W3C home > Mailing lists > Public > w3c-wai-gl@w3.org > July to September 2004

Flash captioning (was: RE: Javascript alternatives not necessary?)

From: Joe Clark <joeclark@joeclark.org>
Date: Thu, 29 Jul 2004 19:59:26 +0000 (UTC)
To: WAI-GL <w3c-wai-gl@w3.org>
Message-ID: <Pine.LNX.4.60.0407291952150.23311@aristotle.multipattern.com>

> Joe's the expert on captioning.

Why... why, thank you!


> Joe, do people that caption audio presentations include
> all the words or just what they feel is important?

There is no straightforward answer. To summarize some available facts, 
though:

* The British like to edit on the unsupportable basis that 120 wpm is all 
deaf people can handle.

* Studies show captioning viewers can handle >200 wpm for extended 
periods.

* The majority of established captioners in the U.S. and Canada aim for 
verbatim captioning. That is not necessarily the case in French.

* Sometimes it is technically impossible to transmit all the spoken words 
in text. In multimedia, that limitation is nearly nonexistent.

* Sometimes there "isn't enough space" for verbatim captioning. That's a 
problem of typography and is usually a dodge, in my experience (e.g., 
same-language subtitles, which are pointless anyway, that are 
ideologically limited to two lines, with the top line shorter than the 
bottom).

* Real-time captioning always misses words over an extended run.

* At (for example) a sporting event or a political convention or a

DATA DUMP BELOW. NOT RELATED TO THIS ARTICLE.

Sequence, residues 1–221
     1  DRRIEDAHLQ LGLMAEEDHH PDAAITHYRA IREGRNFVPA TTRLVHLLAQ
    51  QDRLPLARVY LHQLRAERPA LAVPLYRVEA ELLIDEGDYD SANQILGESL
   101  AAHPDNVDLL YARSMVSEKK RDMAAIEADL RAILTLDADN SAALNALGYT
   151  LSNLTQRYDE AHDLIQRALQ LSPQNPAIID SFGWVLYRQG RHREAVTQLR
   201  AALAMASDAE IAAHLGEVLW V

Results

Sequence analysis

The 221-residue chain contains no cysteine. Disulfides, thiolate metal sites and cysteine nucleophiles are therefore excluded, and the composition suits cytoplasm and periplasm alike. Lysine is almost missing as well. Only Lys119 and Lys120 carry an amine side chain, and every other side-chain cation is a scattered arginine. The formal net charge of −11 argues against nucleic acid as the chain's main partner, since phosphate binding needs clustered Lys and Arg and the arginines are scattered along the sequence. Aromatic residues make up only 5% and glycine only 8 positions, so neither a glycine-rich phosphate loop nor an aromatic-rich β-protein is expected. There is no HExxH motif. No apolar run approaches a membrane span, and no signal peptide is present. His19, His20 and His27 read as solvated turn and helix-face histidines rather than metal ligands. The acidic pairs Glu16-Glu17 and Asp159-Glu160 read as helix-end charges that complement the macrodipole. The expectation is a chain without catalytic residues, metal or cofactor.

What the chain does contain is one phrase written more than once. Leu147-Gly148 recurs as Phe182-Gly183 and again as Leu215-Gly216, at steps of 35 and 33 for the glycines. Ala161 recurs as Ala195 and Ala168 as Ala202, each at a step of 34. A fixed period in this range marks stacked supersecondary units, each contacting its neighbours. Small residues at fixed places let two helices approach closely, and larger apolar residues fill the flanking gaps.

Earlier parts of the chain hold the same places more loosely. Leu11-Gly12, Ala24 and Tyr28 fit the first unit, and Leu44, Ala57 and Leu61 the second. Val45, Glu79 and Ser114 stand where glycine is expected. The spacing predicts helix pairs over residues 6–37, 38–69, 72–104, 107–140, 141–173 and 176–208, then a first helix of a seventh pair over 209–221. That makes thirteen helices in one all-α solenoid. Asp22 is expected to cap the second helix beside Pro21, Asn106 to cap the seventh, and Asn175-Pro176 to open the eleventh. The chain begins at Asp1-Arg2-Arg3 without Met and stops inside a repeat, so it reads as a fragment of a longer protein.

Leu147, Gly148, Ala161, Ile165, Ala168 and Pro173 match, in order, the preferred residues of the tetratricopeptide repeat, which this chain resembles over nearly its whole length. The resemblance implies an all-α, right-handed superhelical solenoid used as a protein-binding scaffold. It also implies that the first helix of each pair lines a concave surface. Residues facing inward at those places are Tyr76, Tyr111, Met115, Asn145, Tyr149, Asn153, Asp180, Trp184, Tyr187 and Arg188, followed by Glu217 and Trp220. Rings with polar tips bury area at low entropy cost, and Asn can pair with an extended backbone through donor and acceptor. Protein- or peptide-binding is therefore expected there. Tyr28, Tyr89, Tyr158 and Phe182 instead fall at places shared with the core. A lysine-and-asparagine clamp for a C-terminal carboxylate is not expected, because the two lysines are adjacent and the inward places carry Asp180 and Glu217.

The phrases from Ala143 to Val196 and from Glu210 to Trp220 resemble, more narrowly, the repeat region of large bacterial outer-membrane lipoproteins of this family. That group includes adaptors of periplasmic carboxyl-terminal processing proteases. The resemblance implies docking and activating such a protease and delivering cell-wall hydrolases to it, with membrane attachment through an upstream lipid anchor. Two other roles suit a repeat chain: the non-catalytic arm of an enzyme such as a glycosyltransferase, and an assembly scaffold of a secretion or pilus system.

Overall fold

concert, with discernible foreground and background speakers, only 
foreground speakers are captioned (unless there's an unusual pause). 
However, sometimes non-speech information will be rendered (e.g., 
[auctioneer continues calling]) even while foreground speech is captioned. 
Some other exceptional circumstances may arise.

* Even people who are attempting verbatim captioning will edit out 
nonverbal utterances like "um" and "ah."

* Backing vocals, harmonies, and vocal effects are often hard to caption 
(unexpected example: "Closing Time" by Leonard Cohen).


> From my experience they include only what they feel is
> important.

"Feel" is perhaps being unfair. But often, the effect is the same.


> If the information wasn't important why would the speaker
> be saying it?

That's amusing!

-- 

     Joe Clark | joeclark@joeclark.org
     Accessibility <http://joeclark.org/access/>
     Expect criticism if you top-post
Received on Thursday, 29 July 2004 15:59:34 UTC

This archive was generated by hypermail 2.3.1 : Wednesday, 5 February 2014 07:17:58 UTC